Week 2: Dealing with Tangled Plots & Saggy Middles

  • The difference between plot and story
  • Why you need to know the nuances of genre
  • How to analyse a three-act plot arc
  • How to recognise and make use of the eight basic plots
  • How to assess sub-plots

Assignment: Identify the plot points in one of the last books you’ve read and which of the eight basic plots the book falls into. Identify a sub-plot  (if any) and analyse how it connects to the main narrative.

Week 3: Analysing Character & Conflict

  • The main reason novels lack drive
  • Why size matters (when it comes to the cast of the novel)
  • Not all novels need a villain – here’s why
  • Common dialogue problems to look out for
  • How to recognise and advise authors when they use clichés

Assignment: Take two of your favourite novels. Describe the main character, their motivations and how they have changed by the end of the book. Describe the main antagonist and how they create conflict for the protagonist. 

Week 4: The Common Thread – Meaning & Style

  • Why a novel might lack coherence, focus or emotional impact …
  • And how to help the author fix this
  • Understanding the relationship between reader, writer and editor
  • Things to consider about writing voice and style
  • Course summary and next steps

Assignment: Identify the thematic questions of two novels. How important was the theme? In which ways did the author explore the main themes?

“Sophie is a witty and reassuringly clued-up guide to the intricacies of fiction editing, and has made learning some intimidatingly tricky concepts both illuminating and fun. The course was well-designed, concise, and comprehensive. It has fundamentally changed the way I think about stories, and is well worth your time.”
– Graham Clarke

Registration

REGISTRATION OPENS: 28th Feb 2018
COURSE STARTS: 7th Mar 2018
PLACES AVAILABLE: 10
DURATION: 4 weeks
FEE: £199 GBP

Sign up to be notified when Liminal Pages courses open for registration: 

Who Am I To Teach Developmental Editing?

I studied English Literature with Creative Writing at UEA. I also hold an MA in Creative Writing, used to work for publishing-giant Pearson, and have completed in-depth editing training through The Publishing Training Centre and The Society for Editors and Proofreaders (where I’m a Professional Member). I’ve been running my own freelance editing practice for five years, with manuscript critiquing (a type of developmental editing) being one of my most popular services.

Questions and Answers

Do I have to attend the course in person?

Nope. This is an online course. I’ll email you the modules weekly, and you’ll email me your assignments for feedback. And you can chat with other students in the private Facebook group.

This course doesn’t look like it will teach how to actually work with clients. Am I right?

Well, in a way. I’ll be creating a course dedicated to working with clients later this year, but this course must come first because it covers everything you need to know before you can even think about offering developmental editing services to writers. In short, if you want to work with clients, you need to learn all this stuff first.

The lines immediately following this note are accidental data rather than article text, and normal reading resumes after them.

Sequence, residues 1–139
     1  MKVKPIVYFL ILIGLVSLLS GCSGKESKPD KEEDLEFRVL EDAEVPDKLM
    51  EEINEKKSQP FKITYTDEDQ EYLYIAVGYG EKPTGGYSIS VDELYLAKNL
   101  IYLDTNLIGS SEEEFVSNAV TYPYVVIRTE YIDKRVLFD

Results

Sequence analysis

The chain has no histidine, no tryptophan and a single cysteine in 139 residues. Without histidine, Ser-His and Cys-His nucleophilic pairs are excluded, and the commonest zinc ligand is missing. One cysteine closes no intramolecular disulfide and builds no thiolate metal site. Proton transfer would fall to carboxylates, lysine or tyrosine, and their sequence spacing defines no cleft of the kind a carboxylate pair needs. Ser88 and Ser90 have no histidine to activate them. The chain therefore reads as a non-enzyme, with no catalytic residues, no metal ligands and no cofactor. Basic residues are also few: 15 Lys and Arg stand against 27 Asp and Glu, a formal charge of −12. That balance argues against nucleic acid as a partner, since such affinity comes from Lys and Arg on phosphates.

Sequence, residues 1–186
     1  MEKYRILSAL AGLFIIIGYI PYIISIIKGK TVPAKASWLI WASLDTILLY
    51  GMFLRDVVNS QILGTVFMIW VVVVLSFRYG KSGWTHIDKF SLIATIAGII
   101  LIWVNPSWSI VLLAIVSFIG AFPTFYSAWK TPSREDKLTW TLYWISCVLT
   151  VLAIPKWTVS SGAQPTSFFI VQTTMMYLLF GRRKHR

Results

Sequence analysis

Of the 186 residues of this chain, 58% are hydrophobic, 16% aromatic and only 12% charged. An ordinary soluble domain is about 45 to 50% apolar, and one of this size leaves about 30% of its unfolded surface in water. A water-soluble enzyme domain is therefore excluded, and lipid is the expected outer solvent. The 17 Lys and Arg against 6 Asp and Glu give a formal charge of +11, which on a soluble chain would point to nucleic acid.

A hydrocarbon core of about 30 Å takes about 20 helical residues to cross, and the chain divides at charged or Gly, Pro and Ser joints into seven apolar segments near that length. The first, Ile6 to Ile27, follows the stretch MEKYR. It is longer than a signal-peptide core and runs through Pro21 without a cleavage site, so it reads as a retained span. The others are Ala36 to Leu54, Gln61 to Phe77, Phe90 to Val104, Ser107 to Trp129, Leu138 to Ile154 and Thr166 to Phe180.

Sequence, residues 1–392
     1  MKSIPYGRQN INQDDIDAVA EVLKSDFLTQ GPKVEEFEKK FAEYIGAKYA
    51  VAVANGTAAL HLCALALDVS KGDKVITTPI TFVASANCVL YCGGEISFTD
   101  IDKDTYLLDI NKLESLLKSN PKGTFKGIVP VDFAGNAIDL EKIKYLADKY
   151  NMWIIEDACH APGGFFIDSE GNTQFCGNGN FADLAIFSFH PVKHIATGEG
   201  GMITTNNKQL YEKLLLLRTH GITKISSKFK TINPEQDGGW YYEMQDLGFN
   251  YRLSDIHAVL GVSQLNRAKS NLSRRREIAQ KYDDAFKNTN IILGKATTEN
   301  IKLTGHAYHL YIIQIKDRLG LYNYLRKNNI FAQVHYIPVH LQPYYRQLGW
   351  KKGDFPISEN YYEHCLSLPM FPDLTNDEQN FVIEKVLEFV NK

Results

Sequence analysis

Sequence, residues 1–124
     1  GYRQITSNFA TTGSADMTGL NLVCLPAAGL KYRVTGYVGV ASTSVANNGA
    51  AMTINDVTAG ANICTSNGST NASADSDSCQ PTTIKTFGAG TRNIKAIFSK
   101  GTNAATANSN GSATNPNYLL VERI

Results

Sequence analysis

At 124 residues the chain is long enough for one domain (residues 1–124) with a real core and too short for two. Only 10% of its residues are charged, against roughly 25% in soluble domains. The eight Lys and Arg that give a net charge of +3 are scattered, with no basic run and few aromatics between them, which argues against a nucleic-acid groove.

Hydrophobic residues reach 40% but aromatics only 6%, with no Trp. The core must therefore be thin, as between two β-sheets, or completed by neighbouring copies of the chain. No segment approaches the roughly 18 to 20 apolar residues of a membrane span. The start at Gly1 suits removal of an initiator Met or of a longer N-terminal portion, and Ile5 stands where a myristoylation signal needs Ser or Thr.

So what will you teach in the second course?

The upcoming course will serve as a natural follow-on from this one. While this course is about teaching you the theory of developmental editing that you absolutely must know in order to work with authors, the next course will show you how to put that theory into action when working with clients.

Will this course be useful if I want to learn developmental editing for non-fiction?

No. This course is exclusively about fiction. There may be a tiny bit of crossover, but for the most part everything you’ll learn will be applicable only to fiction.

Won’t I know this stuff already if I studied literature or creative writing at university?

You may understand what makes a good story – but you won’t necessarily know how to critique a ‘bad’ story or how to make it better. Literature and creative writing courses focus on storytelling from the reader’s and writer’s perspectives. This course teaches it from the editor’s perspective. It’ll give you the knowledge to analyse works in progress from an objective standpoint. And that’s a key skill if you want to be able to offer useful guidance to authors.

Can I do this course if I don’t have any background or education in literature or writing?

Yes. This course will cover the basics you need to know to get started, though you do need that passion for fiction we discussed. You may still need to expand your knowledge in specific areas after completing this course, but it’s a good starting point.

Can I specialise in a certain genre?

Absolutely. In fact, I encourage it. Separating yourself from the hordes of editors out there by promoting yourself as a specialist in a specific genre is a great way to attract clients in your chosen niche. It’s also a good idea because different genres handle different aspects of storytelling in different ways, so if you hone in on a specific one, you’ll be able to do an even better job of it.

Are there any additional expenses?

No. None that are required, anyway, though I will recommend some further reading to help advance your learning.

How much time will this course require?

You should set aside at least three hours per week for it.

Are there any other requirements?

You’ll need to know at least two books very well – perhaps you have some favourites you’ve read multiple times – because we’ll be using them to conduct analyses for some of the homework assignments.

Okay, I’m ready. Where do I sign up?

Check above to see when the course will run next! (Or to book your place if registration is currently open.)

“An excellent course for all those interested in getting started in Developmental Editing. The course materials were beautifully presented and easy to access and Sophie’s feedback was invaluable. Highly recommended.”
– Louise Pearce